(THE CONVERSATION) Wicca and witchcraft are popping up in pop culture these days, from teenage witches on TikTok to a Marvel comic superhero called Wiccan. It has even led The New York Times to ask: “When did everyone become a witch?”
Wicca, an alternative minority religion whose adherents, regardless of gender, call themselves witches, began in the U.K. in the 1940s. Wicca and Witchcraft are part of the larger contemporary pagan movement, which includes druids and heathens among others. All these spiritual paths, as pagans refer to them, base their practices on pre-Christian religions and cultures.
Ever since Wicca arrived in the United States in the 1960s, it has been growing – sometimes by leaps and bounds, and other times more slowly. It is estimated that there could be around 1.5 million witches in the U.S.
As I am aware from my own research of more than 30 years, however, not all witches consider themselves Wiccans. Based on my most recent survey data, approximately 800,000 Americans are Wiccans. The increasing numbers that have been witnessed in surveys and the growth of groups, such as those on TikTok, suggest that the religion is continuing to grow.
An independent practice
The religion differentiates itself from more mainstream religions, such as Christianity, by celebrating a Goddess as well as a God. In addition, Wicca lacks a formal institutional structure such as a church and puts more emphasis on ritual and direct spiritual experience than belief. Adherents refer to themselves as practitioners, not believers.
A yearly cycle of rituals, known as sabbats, celebrate the beginning and height of each of the four seasons of the Northern Hemisphere. Each ritual encourages participants to celebrate the changes the seasons bring to nature and to reflect on how those changes are mirrored in their own lives. For example, at Beltane – which takes place May 1, at the height of spring – Wiccans celebrate fertility in both the Earth and in people’s lives. The rituals are constructed to not only celebrate the season but to put the participant in direct contact with the divine.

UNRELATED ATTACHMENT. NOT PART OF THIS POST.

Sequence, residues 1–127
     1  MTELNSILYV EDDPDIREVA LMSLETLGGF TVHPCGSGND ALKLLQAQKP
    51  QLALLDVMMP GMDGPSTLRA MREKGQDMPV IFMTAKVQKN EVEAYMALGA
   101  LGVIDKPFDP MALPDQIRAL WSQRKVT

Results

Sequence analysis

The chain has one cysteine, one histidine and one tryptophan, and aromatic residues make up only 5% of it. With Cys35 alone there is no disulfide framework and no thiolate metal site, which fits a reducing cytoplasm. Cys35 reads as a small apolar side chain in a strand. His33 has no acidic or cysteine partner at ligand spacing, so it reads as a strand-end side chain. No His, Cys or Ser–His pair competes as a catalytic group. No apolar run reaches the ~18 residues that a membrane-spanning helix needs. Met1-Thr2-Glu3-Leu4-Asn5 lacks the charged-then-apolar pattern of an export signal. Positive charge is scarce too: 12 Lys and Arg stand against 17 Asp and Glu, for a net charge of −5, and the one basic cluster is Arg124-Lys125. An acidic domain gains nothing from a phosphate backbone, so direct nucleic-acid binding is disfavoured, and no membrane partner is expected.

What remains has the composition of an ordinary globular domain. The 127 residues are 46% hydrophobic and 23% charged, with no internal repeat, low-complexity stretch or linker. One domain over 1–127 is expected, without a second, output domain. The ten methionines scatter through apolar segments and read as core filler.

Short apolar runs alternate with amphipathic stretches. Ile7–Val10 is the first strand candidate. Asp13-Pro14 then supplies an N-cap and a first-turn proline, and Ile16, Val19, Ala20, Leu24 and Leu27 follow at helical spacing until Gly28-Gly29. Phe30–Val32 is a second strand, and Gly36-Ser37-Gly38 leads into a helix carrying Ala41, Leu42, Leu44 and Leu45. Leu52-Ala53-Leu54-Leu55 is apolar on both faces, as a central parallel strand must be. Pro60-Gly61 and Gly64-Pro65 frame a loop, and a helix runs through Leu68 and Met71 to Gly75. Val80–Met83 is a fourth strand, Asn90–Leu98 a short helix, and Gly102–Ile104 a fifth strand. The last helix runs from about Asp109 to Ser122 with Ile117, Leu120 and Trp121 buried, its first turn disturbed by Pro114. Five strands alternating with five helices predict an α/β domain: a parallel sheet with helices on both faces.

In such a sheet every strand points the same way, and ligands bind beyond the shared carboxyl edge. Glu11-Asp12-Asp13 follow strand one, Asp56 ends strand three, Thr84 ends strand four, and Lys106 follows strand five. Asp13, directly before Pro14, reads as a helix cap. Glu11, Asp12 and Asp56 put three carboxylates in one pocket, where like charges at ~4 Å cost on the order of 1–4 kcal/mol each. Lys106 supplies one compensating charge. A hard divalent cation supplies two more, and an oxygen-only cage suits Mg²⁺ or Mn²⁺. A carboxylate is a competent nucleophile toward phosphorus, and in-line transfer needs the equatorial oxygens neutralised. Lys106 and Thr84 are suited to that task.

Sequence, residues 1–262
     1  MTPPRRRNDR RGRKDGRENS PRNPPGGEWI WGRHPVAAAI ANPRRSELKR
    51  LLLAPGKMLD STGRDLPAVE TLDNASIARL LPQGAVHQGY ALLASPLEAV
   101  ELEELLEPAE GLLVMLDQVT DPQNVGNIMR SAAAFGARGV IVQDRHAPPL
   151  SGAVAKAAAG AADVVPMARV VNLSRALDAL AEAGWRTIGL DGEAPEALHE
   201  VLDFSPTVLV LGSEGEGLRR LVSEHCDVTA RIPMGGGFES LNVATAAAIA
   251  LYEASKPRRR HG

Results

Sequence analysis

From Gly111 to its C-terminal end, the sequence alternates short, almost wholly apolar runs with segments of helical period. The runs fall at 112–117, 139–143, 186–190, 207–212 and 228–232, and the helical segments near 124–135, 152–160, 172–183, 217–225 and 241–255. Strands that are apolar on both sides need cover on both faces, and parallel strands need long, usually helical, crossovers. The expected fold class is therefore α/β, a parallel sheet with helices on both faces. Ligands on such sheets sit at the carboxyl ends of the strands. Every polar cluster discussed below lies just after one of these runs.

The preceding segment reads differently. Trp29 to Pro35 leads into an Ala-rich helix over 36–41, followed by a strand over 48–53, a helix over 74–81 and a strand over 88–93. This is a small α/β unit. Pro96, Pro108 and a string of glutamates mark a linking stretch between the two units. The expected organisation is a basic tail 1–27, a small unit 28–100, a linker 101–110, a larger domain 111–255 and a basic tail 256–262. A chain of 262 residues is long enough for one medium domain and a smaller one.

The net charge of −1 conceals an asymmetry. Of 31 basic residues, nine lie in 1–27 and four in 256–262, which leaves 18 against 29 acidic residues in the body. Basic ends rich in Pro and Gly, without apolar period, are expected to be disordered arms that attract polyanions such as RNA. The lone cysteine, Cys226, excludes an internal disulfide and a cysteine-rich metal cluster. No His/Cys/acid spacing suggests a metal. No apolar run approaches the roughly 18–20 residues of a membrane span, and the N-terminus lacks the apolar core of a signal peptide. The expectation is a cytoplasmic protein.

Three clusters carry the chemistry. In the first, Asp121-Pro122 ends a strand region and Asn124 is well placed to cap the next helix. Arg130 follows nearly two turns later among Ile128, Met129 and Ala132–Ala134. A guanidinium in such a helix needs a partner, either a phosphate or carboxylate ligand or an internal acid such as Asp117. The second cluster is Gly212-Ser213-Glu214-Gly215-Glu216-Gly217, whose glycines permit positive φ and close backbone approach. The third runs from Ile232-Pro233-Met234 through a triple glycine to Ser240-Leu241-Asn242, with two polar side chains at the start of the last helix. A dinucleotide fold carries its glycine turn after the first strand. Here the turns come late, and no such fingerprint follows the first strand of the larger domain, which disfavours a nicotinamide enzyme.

Wiccans have one overriding rule, “Harm none and do as you will,” and no single religious text that they draw beliefs from. Most Wiccans practice alone and are free to develop their own unique practice. They are nonetheless in regular contact, networking on the internet and congregating at large gatherings to conduct rituals, learn about magical and spiritual practices from one another, and enter what they see as a magical space where they can more readily encounter and embrace divinity.
A religion for the 21st century
Although many Wiccans claim to draw inspiration from ancient cultures, such as pre-Christian Anglo-Saxon and Celtic traditions, it can be seen very much as a religion of our times. The Goddess provides a female face for the divine, appealing to feminists and those who seek “girl power.” Wiccans see divinity in nature, which resonates with growing environmental concerns, particularly among the young.
Most Wiccans practice magic, which they believe taps into a spirit world often referred to as the “otherworld.” Others think of magic as drawing on an energy field they view as surrounding all of us. They do magic to heal themselves and others or to find a new home or job, among other things, and emphasize that magic must not cause harm. Magic is viewed as changing the practitioners as much as their circumstances, encouraging adherents to pursue self-growth and self-empowerment.
There is currently an increase in the U.S. of those with no formal religious affiliation, with just over a quarter of all Americans considering themselves spiritual but not religious. As sociologist Courtney Bender has noted, many members of this group tend to avoid formal religious structures but instead participate in occult practices that enhance their self-development – in these ways, echoing spiritual practices of Wiccans.
The Conversation is an independent and nonprofit source of news, analysis and commentary from academic experts. The Conversation is wholly responsible for the content.
Helen A. Berger is an author, a researcher, and a resident scholar at Brandeis University.
This article originally appeared here.